LaWanda Cox is widely regarded as one of the most influential historians of Reconstruction and nineteenth-century race relations. Imaginative in conception, forcefully argued, and elegantly written, her work helped reshape historians' understanding of the age of emancipation. Freedom, Racism, and Reconstruction brings together Cox's most important writings spanning more than forty years, including previously published essays, excerpts from her books, and an unpublished essay.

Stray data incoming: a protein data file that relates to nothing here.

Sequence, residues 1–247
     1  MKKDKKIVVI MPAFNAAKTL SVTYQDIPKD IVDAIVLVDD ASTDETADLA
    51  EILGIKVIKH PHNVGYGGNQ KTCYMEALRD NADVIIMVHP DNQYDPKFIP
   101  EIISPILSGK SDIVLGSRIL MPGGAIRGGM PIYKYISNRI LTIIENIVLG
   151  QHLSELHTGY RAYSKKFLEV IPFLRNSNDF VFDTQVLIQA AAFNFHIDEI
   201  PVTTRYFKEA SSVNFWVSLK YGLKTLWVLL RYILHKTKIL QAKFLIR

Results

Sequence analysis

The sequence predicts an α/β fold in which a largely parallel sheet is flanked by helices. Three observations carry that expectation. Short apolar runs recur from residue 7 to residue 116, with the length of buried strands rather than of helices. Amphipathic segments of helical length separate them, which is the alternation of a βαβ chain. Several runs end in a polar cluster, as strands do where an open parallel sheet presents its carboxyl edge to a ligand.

Now retired from Hunter College and the Graduate Center of the City University of New York, Cox gave Donald G. Nieman her full cooperation on this project. The result is a cohesive book of refreshing and sophisticated analysis that illuminates a pivotal era in American history. It not only serves as a lasting testament to a highly original scholar but also makes available to readers a remarkable body of scholarship that remains required reading for anyone who wishes to understand the age of emancipation and the historian's craft.